Feet in the mud, head in the sky: A morning among the mangroves


We’d been paddling along the southern shore of the Arabian Gulf for about half an hour when M. Sanjayan, the CEO of Conservation International, stilled our chattering with a single word. “Listen,” he said.

At first we heard nothing. Then the lapping of water against our kayaks. The distant flapping of wings. Nothing, and then everything.

Thirty-five of us had traveled an hour and a half north from the artificially chilled conference rooms and crowded reception halls of Dubai, United Arab Emirates, where we had spent the previous week at the UN Climate Change Conference, also known as COP28, joining government officials and nonprofit and private-sector leaders in advancing solutions to address the climate crisis. Today, though, was an opportunity to bring those conversations to life and remind us what we’re all fighting for.

In 2020, Mastercard founded the Priceless Planet Coalition with Conservation International and World Resources Institute, uniting the efforts of businesses and consumers to fight climate change, with a goal of restoring 100 million trees across six continents.

We work with scientific experts to design and identify projects and ensure the integrity of our restoration practices. We also collaborate closely with the people whose lives and livelihoods are threatened by the loss of these habitats — and who could benefit from careful and thoughtful restoration, like the Indigenous Arhuaco of the Colombian highlands, the fishing communities of Cambodia’s Tonle Sap lake, and the farmers of Australia’s Southern Tablelands.

In the Middle East, we set our sights on 25 acres of mangrove forest in the UAE, partnering with Emirates Nature-World Wildlife Fund to restore 50,000 mangrove trees along the Arabian Gulf. In addition to capturing carbon, these mangroves protect coastlines from storm surges and provide habitat for a wide variety of marine species, which in turn keep local fisheries healthy and the regional economy thriving

COP28 offered a perfect moment for our customers and partners to understand what makes the Priceless Planet Coalition extraordinary and distinct from other planting and restoration programs. On this day, they experienced a critical ecosystem firsthand, and contributed to its future by planting mangrove saplings. Our aim was to inspire them to launch their own campaigns to support the coalition’s goal of restoring 100 million trees.

Conservation International CEO M. Sanjayan joined other sustainability leaders on a field visit to Mangrove Beach during COP28, seeing firsthand the carbon-storing power of mangrove forests and planting saplings at the site.

We set off that morning with Sanjayan, Johan Rockström of the Potsdam Institute for Climate Impact Research and Conservation International’s chief scientist, and other world-renowned conservation experts and climate scientists. Once we reached the aptly named Mangrove Beach in Umm Al Quwain, we learned more about the unique role coastal and marine systems play in combating climate change.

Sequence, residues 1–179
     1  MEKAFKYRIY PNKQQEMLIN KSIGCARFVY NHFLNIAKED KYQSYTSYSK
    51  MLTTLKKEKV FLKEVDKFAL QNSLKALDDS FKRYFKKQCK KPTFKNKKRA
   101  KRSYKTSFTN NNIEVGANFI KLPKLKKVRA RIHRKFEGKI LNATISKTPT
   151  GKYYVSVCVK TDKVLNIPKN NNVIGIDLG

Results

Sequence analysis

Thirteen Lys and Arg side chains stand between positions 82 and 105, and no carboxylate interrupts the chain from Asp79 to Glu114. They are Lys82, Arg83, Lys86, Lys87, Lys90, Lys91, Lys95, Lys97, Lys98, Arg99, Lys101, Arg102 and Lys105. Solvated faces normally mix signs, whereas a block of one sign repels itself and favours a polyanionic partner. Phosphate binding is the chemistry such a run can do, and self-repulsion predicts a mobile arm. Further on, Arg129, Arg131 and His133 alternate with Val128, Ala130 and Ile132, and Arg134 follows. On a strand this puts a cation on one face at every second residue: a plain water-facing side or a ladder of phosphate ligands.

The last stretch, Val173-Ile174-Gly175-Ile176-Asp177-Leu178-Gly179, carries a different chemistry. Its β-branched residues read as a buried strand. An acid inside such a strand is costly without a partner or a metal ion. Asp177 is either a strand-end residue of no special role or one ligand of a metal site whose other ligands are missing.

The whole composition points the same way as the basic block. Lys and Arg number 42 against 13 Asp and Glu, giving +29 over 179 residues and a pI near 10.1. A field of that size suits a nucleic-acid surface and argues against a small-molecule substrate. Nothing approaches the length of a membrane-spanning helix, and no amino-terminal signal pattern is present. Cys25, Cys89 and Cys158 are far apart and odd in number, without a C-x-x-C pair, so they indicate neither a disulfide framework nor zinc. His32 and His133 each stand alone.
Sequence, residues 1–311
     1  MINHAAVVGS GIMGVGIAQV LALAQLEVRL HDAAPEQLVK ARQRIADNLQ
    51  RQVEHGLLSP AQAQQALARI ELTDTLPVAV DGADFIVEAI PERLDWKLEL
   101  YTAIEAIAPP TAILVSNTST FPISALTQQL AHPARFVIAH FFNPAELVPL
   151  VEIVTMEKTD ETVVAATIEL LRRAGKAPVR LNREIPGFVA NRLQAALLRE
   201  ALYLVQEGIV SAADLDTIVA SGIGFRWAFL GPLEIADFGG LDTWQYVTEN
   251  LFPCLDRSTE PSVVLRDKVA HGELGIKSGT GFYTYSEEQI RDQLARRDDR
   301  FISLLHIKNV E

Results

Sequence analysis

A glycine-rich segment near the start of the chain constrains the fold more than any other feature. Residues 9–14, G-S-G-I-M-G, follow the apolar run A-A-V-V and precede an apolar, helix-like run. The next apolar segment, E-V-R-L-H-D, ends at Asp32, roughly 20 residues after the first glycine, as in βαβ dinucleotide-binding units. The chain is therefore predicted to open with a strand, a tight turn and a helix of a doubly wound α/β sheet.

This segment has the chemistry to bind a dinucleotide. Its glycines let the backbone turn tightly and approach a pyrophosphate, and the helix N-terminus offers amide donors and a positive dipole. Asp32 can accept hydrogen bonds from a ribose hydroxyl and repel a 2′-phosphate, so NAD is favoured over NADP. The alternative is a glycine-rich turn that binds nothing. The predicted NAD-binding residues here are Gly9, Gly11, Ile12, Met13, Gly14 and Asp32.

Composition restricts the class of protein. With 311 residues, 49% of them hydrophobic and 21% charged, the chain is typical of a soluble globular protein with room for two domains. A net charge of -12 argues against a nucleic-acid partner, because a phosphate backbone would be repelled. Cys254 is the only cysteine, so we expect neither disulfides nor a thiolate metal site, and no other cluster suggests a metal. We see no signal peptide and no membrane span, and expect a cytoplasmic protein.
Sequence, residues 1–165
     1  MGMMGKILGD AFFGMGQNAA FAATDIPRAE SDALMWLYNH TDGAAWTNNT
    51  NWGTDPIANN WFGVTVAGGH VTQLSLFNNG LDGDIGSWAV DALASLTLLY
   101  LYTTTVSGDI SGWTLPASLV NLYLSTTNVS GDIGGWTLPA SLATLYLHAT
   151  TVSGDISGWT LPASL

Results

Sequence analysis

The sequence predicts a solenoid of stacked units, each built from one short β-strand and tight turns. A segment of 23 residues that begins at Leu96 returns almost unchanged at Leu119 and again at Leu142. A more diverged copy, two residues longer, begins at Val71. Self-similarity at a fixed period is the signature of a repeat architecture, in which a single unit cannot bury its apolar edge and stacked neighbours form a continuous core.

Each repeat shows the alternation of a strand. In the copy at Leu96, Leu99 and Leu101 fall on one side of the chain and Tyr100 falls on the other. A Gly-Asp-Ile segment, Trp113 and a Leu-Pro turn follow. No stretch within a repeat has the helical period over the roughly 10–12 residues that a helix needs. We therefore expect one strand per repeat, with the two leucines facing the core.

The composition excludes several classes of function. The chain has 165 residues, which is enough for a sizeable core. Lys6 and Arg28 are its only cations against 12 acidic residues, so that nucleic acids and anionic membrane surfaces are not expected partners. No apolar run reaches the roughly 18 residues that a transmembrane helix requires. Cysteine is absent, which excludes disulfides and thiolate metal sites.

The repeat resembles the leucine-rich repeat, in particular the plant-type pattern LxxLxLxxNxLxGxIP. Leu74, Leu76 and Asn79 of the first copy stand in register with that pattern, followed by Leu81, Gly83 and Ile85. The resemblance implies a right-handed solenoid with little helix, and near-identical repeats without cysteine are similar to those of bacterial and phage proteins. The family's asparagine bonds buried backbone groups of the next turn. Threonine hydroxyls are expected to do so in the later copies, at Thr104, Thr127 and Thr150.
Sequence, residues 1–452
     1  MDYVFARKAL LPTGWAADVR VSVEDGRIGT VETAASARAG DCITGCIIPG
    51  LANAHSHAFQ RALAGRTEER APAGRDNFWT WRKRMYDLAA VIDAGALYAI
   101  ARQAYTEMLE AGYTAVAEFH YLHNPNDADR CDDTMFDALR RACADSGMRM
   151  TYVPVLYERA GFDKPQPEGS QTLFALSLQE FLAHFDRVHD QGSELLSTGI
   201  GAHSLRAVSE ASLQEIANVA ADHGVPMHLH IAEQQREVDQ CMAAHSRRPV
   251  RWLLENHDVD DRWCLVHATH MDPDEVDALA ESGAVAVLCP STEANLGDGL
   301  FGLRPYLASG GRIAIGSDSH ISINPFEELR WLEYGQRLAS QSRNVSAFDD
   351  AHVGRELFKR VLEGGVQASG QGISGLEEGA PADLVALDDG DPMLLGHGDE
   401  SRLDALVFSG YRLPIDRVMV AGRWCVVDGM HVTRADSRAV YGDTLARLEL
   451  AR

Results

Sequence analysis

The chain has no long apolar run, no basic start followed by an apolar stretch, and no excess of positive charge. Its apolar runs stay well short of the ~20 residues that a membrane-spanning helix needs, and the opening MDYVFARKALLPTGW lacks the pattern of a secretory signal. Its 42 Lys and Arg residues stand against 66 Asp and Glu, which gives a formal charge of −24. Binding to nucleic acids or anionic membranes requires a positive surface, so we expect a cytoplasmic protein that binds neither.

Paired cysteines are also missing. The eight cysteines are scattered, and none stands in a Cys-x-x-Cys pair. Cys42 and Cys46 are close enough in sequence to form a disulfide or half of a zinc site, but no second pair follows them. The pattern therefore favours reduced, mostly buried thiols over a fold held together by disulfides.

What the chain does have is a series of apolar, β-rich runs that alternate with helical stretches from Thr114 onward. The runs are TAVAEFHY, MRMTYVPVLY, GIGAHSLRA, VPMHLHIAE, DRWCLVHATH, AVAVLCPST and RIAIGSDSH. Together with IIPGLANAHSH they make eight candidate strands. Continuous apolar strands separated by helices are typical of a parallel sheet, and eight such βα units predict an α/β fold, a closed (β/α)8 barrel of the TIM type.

Mangrove forests thrive in salty coastal waters of the tropics and subtropics. Their dense masses of roots at and below the waterline are incredibly effective at storing “coastal blue carbon,” the term for carbon captured in saltwater ecosystems. (Sea grasses and salt marshes play the same role.)

Globally, these ecosystems have a smaller footprint than tropical rainforests but can sequester more carbon per acre, more quickly — making them a critical and irreplaceable tool in our fight against climate change. Sanjayan called these mangrove forests the “the hardest-working habitats on earth.”

Following planting, the site is carefully monitored to track the health of the mangroves, which will assist in the natural regeneration of the mangroves and wider ecosystem. 

We boarded our kayaks and paddled out under the beating sun, which sharpened every detail of our surroundings — the faintest ripples on the placid water, the black-tipped wings of flamingos in flight and slender stalks of mangrove saplings spearing the water’s surface as they stretched toward the sky. We learned more from our experts during our time on the water, but as Sanjayan suggested, we also let the beauty and peace of the landscape speak for itself. You can hear it; you just have to be willing to listen.

As the tide began to recede, we drew up to shore, eager for the main event. Toting foot-tall saplings, we walked along the beach to the planting site, brushing the dirt from the mangroves’ root balls and setting them carefully into the muddy soil. Our hands and knees were coated in silvery gray silt, our necks turned pink in the heat, our shoulders tight and sore — but our spirits high.

While everyone at COP28 understood the precariousness of the moment, this trip to Mangrove Beach underscored the possibility of our mission. It brought to life the potential of high-quality, science-based restoration and sparked honest conversations with our customers and coalition partners about our goals, where our strategies align, and how, by knitting together our networks, we can drive deeper impact.

Now, with our feet sunk in the mud, setting root to soil, something else flowered — our connections to the natural world, to each other and to our mission to fight climate change, one mangrove at a time.

Jim Colvine is a senior vice president who leads sustainability products for Mastercard, including the Priceless Planet Coalition and Carbon Calculator for consumers. He has worked in payments for two decades and holds a Ph.D. in tuberculosis research. Erin Goodhand is a director of sustainability and ESG who has worked for more than 15 years at the intersection of social impact, technology and communications and is focused on stakeholder engagement, including collaborating with NGO partners of the Priceless Planet Coalition.